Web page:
4. I usually roll behind the screen as DM, and sometimes I will have players make rolls that will have no effect, but it keeps them from that metagaming situation of 'he's making us roll so there is definitely something there.' More to the point, they know I do this with the 'random rolls.' I generally don't fudge any roll other than something that will obliterate a PC and disrupt the game, but that is not to be taken to mean that there is no danger. PCs can and do die in my campaigns, but occasionally to keep a story moving I'll show a smidgen of mercy that they never see, like maybe dealing normal damage on a monster crit instead of doubling it. That said, my monsters act and fight to the utmost of their stats, and the players had better be smart as well or perish. Play stupid games, win stupid prizes. As I've mentioned in other threads, trying to negotiate / deal with evil monsters and humanoids usually ends badly for the party. They may achieve a temporary advantage or goal, but evil creatures betray. It's in their nature.

5. I've noticed in some games that players tend to take treasure on the spot as it's found. Since I've played as a kid, I've always encouraged a 'treasure kitty' during any given adventure, and the divvying of stuff that is not immediately useful or obviously useful to a particular class of character (potions, scrolls, etc, or magic weapons) is handled at the end of the adventure. Gems can be sold and money divided, or treasure partitioned into relatively equal 'shares' from which the players pick what they want between themselves. I DO NOT encourage PvP sort of play, or the party rogue stealing from his/her friends, etc, but I don't forbid it, either. It's their game, and if they want to engage in self-destructive behavior I sit back and let the chips fall. When it ends badly (as it often does), I simply point out that this sort of play is generally detrimental to a fun game, but it's up to them. The other advantage of a treasure kitty is that it gives players a choice to make: do party 'expenses' come out of the kitty before the profits are shared, or do they share beforehand and each player is responsible for his or her own expenses? For example, the party wizard has a lot of upkeep expenses for those spellbooks, etc, from which everyone benefits in the wild. Again, up to the players.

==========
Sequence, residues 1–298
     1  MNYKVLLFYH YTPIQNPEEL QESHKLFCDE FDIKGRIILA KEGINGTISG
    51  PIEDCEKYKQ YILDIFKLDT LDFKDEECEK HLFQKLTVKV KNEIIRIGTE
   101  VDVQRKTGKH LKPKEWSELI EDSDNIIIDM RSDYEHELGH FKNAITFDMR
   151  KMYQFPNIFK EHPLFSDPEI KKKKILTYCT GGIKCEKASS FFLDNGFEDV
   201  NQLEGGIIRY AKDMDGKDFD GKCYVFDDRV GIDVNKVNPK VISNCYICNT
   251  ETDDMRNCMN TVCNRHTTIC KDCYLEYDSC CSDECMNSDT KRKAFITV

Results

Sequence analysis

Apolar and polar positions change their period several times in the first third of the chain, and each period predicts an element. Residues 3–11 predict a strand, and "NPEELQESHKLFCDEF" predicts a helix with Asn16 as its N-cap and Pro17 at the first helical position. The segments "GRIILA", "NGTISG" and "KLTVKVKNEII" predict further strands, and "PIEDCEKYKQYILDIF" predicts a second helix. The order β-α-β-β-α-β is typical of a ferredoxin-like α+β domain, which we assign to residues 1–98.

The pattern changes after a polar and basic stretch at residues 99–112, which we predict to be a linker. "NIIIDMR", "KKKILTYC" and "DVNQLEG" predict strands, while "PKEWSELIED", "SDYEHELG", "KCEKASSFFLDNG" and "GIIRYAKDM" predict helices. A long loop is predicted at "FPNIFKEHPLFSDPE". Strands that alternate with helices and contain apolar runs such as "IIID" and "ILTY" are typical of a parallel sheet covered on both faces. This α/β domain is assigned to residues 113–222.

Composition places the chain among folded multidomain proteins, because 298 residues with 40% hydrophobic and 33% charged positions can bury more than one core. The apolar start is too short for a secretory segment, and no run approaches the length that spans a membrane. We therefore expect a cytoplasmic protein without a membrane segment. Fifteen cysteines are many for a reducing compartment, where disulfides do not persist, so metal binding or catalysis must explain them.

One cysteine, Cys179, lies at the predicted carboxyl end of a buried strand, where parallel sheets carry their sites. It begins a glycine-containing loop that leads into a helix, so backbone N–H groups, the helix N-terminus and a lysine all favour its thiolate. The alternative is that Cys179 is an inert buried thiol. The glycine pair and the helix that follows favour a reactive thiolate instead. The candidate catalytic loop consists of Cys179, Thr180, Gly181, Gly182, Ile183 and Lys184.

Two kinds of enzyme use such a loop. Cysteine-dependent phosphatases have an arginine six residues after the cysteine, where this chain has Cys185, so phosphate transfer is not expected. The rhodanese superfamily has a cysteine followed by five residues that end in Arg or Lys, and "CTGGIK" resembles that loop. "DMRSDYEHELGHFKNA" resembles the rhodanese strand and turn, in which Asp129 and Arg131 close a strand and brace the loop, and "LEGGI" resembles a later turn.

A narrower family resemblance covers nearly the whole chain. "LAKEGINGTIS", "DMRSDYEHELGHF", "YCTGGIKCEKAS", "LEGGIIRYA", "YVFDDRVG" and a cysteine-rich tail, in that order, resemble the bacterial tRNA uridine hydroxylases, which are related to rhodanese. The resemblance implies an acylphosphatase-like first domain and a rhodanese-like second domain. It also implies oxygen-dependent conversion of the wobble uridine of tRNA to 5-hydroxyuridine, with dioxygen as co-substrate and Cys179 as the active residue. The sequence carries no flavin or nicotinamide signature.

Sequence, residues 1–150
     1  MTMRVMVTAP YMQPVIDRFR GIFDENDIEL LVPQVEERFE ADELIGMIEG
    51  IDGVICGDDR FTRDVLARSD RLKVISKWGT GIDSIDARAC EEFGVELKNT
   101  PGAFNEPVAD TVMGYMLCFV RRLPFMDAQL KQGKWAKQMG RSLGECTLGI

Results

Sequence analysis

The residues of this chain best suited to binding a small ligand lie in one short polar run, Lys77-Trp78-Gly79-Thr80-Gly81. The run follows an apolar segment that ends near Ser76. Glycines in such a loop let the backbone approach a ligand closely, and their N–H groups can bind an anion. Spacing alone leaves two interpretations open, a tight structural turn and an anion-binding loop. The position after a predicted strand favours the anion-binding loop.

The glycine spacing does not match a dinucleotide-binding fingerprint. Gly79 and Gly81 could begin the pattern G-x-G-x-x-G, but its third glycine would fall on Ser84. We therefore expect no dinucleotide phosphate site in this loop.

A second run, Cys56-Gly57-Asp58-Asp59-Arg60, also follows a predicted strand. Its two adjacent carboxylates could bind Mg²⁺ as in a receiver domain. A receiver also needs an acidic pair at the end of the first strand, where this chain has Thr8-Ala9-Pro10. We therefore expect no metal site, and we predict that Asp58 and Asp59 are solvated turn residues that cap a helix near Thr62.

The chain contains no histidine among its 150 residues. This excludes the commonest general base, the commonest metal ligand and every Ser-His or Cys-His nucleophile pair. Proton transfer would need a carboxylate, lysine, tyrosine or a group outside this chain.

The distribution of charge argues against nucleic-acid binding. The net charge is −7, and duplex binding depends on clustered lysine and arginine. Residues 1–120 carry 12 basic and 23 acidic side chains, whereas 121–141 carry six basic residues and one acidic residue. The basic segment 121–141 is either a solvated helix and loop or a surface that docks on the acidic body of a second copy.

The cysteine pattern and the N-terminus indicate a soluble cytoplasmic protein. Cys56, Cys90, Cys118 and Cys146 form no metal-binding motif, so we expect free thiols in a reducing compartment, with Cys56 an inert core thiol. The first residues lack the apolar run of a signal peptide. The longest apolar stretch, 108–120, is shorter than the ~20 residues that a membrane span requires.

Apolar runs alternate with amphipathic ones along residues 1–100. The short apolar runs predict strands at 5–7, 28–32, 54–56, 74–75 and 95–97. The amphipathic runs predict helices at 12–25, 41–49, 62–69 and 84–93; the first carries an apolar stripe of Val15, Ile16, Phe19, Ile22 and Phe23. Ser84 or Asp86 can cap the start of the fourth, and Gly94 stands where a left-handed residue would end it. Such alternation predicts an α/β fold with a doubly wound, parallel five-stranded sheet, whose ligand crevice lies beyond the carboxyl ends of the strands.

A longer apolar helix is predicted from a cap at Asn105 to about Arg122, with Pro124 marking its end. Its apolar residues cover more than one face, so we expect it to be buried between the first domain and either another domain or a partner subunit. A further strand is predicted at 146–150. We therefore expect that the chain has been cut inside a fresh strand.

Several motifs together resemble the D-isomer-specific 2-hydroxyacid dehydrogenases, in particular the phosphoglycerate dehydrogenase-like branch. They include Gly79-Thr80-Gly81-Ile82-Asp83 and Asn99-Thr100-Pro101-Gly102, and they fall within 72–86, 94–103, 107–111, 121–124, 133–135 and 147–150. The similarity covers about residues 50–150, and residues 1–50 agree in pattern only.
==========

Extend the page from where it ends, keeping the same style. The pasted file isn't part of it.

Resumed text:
6. I do the occasional voice for the NPC's, most often if I'm going for a laugh. My voice-acting skills are somewhat lame, however, so for the more mundane stuff I'll often revert to third person narration. "The inkeep says he has no private rooms..." sort of thing.

7. I do like to keep combat spicy by narrating the outcome of actions. Critical hits get big hand motions and visceral descriptions of monster dismemberment, and so on. I've found players dig this, and I like having them describe their own kill-shots and stuff as well. I enjoy it, too.

That's a general overview of how I conduct a game.


1. Heavy prep.
2. Fast-paced.
3. Lots of combat challenges.
4. Memorable NPCs.
5. Be consistent and run the campaign for as long as the players have interest or we get to an epic level.
6. Be a cheerleader for the PCs.
7. Open rolling.
8. Try to listen and observe when players are the most engaged - give them more of that.
9. Run weekly at the same time on the same day. Start on time and end on time.